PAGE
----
A few selected findings on Climate Change

In Alaska, Western Canada, and Eastern Russia average winter temperatures have increased as much as 4 to 7°F (3-4°C) in the past 50 years, and are projected to rise 7 to 13°F (4-7°C) over the next 100 years. Arctic summer sea ice is projected to decline by at least 50 percent by the end of this century with some models showing near-complete disappearance of summer sea ice. This is very likely to have devastating consequences for some arctic animal species such as ice-living seals and for local people for whom these animals are a primary food source. At the same time, reduced sea ice extent is likely to increase marine access to some of the region’s resources. Warming over Greenland is projected to lead to substantial melting of the Greenland Ice Sheet, contributing to global sea-level rise at increasing rates. Over the long term, Greenland contains enough melt water to eventually raise sea level by about 7 meters (about 23 feet). Should the Arctic Ocean become ice-free in summer, it is likely that polar bears and some seal species would be driven toward extinction. Arctic climate change presents serious challenges to the health and food security of some Indigenous Peoples, challenging the survival of some cultures. Many coastal towns and facilities around the Arctic face increasing risks from erosion and flooding due to rising sea levels, decreased sea ice, and thawing coastal permafrost. Over the next 100 years, climate change is expected to accelerate, contributing to major physical, ecological, social, and economic changes, and the Assessment has documented that many of these changes have already begun.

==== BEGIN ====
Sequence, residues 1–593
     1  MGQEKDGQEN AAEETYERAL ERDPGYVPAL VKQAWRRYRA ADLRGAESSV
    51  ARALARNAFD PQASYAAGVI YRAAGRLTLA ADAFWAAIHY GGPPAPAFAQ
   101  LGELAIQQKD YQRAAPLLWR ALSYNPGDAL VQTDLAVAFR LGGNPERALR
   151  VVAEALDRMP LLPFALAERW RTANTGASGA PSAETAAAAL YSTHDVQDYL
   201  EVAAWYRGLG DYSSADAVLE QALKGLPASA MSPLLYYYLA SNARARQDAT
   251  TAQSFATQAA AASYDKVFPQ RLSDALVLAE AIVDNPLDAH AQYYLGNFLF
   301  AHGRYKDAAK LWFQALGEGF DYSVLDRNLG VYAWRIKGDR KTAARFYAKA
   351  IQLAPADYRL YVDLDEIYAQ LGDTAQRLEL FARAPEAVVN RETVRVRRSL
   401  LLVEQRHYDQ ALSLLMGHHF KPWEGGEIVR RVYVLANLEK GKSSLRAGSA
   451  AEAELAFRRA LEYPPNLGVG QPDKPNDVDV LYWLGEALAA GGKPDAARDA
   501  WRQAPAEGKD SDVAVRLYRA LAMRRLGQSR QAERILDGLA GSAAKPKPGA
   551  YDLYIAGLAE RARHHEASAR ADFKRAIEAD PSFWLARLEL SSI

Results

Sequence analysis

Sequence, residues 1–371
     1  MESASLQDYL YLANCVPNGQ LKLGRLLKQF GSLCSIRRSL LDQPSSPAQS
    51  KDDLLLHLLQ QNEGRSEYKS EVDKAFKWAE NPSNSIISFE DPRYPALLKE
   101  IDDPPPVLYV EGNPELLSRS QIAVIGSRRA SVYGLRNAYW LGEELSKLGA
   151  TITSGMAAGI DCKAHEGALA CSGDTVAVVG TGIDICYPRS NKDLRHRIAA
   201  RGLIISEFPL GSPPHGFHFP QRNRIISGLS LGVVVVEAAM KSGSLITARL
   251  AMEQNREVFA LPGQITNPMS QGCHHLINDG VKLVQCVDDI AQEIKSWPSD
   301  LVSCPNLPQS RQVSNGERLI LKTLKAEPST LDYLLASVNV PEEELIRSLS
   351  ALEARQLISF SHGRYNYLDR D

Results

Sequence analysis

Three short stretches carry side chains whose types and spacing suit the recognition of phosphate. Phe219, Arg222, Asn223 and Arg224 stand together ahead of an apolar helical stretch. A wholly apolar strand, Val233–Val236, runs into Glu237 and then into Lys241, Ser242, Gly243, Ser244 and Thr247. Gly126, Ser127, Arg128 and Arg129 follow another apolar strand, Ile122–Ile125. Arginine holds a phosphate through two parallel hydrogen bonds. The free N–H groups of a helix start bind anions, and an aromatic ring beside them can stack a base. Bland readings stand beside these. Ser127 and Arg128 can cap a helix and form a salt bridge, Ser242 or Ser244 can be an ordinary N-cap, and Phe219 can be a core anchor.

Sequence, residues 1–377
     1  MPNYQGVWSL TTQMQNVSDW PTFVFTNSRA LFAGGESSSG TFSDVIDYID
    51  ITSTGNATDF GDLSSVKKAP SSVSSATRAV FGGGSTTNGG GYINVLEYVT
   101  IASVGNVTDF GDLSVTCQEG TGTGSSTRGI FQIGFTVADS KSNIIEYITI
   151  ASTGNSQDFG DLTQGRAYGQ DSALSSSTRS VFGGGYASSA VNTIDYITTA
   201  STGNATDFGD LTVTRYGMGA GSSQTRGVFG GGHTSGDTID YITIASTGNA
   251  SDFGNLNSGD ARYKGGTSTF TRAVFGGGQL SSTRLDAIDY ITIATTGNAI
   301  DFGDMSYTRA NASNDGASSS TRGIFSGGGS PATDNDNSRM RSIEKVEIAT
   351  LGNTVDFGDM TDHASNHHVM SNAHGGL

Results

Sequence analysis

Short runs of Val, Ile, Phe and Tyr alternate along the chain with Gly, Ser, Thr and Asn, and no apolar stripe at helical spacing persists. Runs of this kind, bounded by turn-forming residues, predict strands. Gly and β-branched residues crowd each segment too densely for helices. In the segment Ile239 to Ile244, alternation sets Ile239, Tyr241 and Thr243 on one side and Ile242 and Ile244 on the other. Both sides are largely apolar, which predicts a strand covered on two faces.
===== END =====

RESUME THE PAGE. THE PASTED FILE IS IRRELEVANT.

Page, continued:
source: Artic is warming at nearly twice the rate as the rest of the Globe.Cross-Ref: Climate Change See also XlnkS6BA

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